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Winston-Salem fertilizer plant fire: 6,000 urged to evacuate as ammonium nitrate explosion feared

The potential for an ammonium nitrate explosion at the Winston Weaver Co. plant remained a top concern, fire officials said, as authorities scrambled to evacuate almost 2,500 homes within a mile of the blaze.

At one point, fire trucks were driving down every road in the evacuation zone — and going door-to-door in some places — using a public address system to urge residents to evacuate, Winston-Salem Fire Department Battalion Chief Patrick Grubbs said early Tuesday. He warned of poor air quality and asked that people call 911 only if “you are experiencing an emergency.”

The blaze began Monday night at the plant. After battling it for two hours, the fire department pulled back its crews after the blaze spread to a rail car containing ammonium nitrate, Grubbs said.

“Right now, the fire is still active, and there’s still potential for explosion. We’re asking all the citizens to evacuate the area for a 1-mile radius around it,” he said early Tuesday. “We do not know the full extent of the time we’ll be here. It will not be anytime soon that we’ll be leaving.”

A fire truck remains at the back side of the building dousing the fire, but no fire staff are there, Grubbs said. The department is accessing the scene every 15 to 20 minutes using drone teams, he said.

The cause of the fire remains under investigation, Grubbs said, and the fire department has been in touch with the company that owns the plant. The Winston Weaver Co. did not respond immediately to CNN’s request for information.

Authorities overnight moved about 220 inmates from Forsyth Correctional Center to the minimum-security Alexander Correctional Institution in Taylorsville, about a 90-minute drive west of Winston-Salem, said North Carolina Department of Public Safety spokesperson John Bull.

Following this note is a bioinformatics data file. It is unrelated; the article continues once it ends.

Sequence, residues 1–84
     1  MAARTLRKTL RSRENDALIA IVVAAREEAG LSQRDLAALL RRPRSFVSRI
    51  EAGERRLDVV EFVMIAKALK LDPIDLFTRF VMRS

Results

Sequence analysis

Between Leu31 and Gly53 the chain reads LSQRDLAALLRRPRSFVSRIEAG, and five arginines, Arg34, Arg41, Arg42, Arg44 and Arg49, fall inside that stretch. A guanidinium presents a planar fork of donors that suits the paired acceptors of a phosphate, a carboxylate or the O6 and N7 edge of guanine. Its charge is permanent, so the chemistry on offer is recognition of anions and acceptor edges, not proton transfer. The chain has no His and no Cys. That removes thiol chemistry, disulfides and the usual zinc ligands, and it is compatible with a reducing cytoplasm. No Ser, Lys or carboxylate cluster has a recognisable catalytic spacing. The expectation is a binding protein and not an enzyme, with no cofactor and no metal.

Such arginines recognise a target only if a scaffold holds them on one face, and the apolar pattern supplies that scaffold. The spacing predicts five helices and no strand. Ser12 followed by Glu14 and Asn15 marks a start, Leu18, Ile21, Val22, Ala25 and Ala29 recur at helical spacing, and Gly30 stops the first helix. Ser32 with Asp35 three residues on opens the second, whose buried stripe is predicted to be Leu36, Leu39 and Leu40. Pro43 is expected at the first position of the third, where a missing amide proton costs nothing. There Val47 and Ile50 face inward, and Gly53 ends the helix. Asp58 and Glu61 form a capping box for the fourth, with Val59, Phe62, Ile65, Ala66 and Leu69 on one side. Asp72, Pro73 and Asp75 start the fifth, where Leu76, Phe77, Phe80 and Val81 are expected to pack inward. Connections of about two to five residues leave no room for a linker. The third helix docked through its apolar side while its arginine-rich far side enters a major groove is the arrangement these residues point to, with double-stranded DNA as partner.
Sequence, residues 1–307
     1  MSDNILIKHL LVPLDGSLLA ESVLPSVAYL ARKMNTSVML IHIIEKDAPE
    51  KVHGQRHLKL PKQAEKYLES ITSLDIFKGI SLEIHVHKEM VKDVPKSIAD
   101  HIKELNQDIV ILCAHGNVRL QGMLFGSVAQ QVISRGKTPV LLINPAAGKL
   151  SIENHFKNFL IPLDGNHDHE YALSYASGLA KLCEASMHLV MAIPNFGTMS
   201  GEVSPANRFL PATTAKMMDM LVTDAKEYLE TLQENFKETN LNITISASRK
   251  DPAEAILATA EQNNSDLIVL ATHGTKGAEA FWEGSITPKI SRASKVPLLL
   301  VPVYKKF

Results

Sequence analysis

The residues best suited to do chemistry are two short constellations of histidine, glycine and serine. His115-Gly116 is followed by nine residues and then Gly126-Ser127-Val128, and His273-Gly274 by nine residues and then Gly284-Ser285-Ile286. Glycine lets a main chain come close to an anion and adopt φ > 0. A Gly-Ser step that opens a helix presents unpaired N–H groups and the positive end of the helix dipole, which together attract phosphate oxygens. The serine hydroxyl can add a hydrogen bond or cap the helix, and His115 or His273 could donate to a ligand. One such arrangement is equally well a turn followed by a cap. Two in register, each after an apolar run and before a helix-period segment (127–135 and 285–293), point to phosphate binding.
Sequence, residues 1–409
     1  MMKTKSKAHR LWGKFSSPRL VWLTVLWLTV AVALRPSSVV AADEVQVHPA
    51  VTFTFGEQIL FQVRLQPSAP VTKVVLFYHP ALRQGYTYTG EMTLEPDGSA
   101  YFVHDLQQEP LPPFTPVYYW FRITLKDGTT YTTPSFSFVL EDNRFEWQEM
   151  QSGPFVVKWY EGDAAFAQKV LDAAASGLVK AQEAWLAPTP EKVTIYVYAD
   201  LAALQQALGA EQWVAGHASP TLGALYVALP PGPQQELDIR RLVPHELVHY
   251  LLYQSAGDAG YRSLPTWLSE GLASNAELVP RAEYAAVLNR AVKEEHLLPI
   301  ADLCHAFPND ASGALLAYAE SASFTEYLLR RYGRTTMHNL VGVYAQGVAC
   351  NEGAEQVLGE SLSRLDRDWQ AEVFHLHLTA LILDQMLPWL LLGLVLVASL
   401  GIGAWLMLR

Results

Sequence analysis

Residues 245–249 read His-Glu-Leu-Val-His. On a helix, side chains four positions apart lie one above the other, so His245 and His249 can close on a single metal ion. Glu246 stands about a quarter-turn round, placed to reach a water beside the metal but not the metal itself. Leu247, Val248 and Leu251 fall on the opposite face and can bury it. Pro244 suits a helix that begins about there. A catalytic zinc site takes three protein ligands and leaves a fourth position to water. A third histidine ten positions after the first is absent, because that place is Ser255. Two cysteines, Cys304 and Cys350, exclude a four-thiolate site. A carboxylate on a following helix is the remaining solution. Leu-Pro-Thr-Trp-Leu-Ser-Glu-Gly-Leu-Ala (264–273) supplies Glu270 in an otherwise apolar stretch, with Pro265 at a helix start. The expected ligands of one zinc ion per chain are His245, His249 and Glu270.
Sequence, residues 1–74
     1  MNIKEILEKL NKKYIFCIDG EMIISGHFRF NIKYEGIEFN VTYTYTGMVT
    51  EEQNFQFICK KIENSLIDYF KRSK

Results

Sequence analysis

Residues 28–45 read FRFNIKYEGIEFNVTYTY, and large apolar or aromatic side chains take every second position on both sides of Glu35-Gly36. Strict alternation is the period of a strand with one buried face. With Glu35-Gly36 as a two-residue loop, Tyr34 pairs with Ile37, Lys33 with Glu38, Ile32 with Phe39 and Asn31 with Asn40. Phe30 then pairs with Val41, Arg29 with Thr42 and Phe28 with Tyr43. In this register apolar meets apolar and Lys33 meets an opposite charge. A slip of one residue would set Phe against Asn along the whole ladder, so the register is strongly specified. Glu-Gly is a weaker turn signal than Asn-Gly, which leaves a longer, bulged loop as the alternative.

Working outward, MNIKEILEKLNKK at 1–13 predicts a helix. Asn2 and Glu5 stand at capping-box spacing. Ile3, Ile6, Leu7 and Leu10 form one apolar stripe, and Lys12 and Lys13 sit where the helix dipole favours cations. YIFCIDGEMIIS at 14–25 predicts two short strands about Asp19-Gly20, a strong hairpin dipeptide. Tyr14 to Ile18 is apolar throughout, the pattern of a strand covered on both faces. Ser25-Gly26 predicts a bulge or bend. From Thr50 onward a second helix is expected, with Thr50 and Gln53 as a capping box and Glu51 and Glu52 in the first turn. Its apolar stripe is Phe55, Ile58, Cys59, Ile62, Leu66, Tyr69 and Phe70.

There was no imminent threat to the Forsyth facility, Bull said. Emergency officials recommended moving the prisoners as a precaution. They’ll be returned to Forsyth when it’s safe, he said.

Wake Forest University canceled classes Tuesday, the university said. The evacuation area includes a unit of on-campus housing, Deacon Place, and students on campus or living outside the 1-mile zone are encouraged to stay indoors and keep their windows closed, the school said. The Wellbeing Center, Benson Center and Z. Smith Reynolds Library are open for faculty, staff or students who need a place to stay.

“Travel in the evacuation area around 4400 North Cherry Street will become increasingly difficult as police begin to shut down roads and prohibit vehicle traffic. Faculty, staff and students are encouraged to evacuate as soon as possible. Use personal vehicles and carpool when possible. Parking anywhere on campus is allowed,” Wake Forest said early Tuesday.

At least 90 firefighters and up to about 150 emergency personnel — including police and others — have been working on the fire and evacuating the area, Grubbs said.

CNN’s Tina Burnside and Eliott C. McLaughlin contributed to this report.

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